The puzzles closely aligned with the theme of the game and, given the “paranoia” of the scientist whose office we had infiltrated, we found ourselves very paranoid about whether or not we were addressing clues correctly. There were eight of us in the room and, many times, we would find something new and had to come together to try and make heads or tails of how to proceed. This was before realizing there were still other clue streams that needed attention, and we’d split up again. As the moments ticked away, we did feel a sense of urgency build and build. So, our hat is off to Dr. Hatt in this regard.

The game is fairly linear, but there are enough bits and pieces of other streams sprinkled in that you can work on something needed in the near future while other teammates focus on the most imminent obstacle. There is always something happening to keep you engaged. The puzzles are also pretty tricky. We escaped with just under ten minutes to go, but I feel that would not have been the case without the use of our hints. So, if you’re looking for a game that will really challenge you, then this is the spot for you.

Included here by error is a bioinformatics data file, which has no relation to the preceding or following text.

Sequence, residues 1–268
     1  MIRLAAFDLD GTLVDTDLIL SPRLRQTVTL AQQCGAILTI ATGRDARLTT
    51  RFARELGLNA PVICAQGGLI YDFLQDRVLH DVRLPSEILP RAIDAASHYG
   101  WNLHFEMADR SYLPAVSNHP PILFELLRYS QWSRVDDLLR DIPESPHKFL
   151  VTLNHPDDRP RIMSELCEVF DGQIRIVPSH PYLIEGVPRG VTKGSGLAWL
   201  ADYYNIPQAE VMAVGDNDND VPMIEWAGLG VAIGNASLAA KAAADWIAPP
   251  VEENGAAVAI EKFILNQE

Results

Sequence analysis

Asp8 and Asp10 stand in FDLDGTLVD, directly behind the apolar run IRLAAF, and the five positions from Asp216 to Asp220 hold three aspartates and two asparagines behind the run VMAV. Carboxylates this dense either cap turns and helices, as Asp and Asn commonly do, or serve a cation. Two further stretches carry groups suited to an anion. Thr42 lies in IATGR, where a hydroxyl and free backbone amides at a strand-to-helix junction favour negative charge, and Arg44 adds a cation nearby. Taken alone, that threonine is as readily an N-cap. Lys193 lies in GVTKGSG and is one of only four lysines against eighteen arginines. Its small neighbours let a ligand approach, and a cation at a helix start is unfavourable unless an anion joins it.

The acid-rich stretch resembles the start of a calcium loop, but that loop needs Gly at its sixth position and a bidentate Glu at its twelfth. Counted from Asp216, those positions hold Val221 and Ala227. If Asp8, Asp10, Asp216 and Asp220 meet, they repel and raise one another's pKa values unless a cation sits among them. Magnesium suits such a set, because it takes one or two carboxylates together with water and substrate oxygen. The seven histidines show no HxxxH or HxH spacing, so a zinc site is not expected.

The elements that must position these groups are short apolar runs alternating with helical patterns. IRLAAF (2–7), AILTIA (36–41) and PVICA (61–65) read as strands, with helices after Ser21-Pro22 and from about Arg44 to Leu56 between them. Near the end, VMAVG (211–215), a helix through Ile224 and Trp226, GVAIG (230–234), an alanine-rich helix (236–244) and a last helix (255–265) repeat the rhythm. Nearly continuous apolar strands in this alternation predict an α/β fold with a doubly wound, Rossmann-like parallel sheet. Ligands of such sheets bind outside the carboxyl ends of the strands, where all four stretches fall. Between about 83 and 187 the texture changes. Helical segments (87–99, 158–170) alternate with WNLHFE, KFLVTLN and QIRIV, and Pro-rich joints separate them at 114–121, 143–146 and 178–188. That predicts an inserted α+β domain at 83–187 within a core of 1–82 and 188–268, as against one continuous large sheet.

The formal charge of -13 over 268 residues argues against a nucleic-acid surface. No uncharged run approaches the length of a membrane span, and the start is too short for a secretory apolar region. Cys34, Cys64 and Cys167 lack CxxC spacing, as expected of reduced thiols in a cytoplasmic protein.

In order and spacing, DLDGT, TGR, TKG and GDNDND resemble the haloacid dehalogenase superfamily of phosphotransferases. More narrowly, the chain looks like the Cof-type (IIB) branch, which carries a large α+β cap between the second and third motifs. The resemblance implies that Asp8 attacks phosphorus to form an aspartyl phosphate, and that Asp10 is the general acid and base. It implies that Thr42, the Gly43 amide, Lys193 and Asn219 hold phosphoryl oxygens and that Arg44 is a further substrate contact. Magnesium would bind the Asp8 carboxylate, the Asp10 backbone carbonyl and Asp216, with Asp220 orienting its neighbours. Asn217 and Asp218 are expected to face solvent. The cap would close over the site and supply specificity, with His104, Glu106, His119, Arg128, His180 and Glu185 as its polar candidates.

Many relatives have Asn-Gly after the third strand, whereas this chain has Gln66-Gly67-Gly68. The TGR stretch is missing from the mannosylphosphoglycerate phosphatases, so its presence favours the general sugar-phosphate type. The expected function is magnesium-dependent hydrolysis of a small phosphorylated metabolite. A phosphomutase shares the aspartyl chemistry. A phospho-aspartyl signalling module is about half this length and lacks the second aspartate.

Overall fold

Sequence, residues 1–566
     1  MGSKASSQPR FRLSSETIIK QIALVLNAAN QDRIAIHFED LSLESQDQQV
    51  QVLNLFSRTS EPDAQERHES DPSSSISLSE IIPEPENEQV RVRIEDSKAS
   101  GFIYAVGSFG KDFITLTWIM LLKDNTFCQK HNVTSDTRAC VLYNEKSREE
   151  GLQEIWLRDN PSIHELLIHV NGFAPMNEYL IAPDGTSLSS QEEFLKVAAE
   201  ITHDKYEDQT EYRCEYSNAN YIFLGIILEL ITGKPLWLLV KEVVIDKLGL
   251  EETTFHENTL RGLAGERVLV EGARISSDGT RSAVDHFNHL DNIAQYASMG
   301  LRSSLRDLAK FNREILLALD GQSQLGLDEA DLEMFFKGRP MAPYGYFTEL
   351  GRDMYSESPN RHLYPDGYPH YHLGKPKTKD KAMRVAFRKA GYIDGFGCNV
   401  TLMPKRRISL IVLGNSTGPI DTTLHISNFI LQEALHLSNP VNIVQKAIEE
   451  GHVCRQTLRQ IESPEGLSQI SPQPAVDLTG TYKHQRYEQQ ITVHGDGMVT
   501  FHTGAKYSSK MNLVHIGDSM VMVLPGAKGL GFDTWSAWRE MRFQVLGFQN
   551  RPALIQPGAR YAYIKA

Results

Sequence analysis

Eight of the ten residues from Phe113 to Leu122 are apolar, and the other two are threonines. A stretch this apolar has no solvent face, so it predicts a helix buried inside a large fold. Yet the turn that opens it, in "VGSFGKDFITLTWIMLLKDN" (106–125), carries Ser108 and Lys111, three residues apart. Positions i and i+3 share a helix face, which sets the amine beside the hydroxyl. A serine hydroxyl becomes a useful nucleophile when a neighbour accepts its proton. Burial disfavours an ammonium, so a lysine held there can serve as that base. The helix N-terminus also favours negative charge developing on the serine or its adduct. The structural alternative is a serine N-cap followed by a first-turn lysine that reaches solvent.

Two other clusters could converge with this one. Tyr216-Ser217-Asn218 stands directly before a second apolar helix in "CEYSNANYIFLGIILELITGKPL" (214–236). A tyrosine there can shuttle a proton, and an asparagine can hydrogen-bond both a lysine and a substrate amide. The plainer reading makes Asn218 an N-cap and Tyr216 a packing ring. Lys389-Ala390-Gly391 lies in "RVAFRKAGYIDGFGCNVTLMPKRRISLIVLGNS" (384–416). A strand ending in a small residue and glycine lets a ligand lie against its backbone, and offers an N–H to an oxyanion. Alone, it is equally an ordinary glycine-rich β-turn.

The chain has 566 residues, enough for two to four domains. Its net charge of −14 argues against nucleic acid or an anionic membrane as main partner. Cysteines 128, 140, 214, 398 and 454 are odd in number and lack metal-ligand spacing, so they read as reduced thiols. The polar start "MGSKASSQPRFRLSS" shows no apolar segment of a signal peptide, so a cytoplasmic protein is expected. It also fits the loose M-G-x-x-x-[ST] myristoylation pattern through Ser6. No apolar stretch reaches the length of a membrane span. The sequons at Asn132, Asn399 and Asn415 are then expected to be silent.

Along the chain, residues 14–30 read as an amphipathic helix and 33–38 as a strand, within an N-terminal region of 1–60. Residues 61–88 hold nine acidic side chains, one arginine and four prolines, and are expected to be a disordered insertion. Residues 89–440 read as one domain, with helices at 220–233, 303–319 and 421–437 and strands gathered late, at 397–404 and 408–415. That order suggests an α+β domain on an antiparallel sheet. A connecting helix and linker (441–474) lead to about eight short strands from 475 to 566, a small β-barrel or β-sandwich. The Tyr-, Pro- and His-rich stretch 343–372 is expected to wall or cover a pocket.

But, coming back to the hints; we felt they verged on the realm of too helpful. Rather than a gentle push in a helpful direction, we were often given the secrets to the entire clue stream. This again comes down to how you like to play escape rooms. We just felt like, in some instances, we would have still liked to try our luck with layered clues. There was one puzzle that we really did need that much help with. It was a well-crafted and cunning puzzle that our team was simply not approaching from the right angle, so we needed a lot of assistance. Conversely, on another series of clues, we were tantalizingly close to being on the right track and a one-word hint would have been enough to get us going. Though, in this instance, our game host essentially completed a portion of the clue stream for us, which felt a little anti-triumphant. As mentioned above with immersion, it was all about consistency.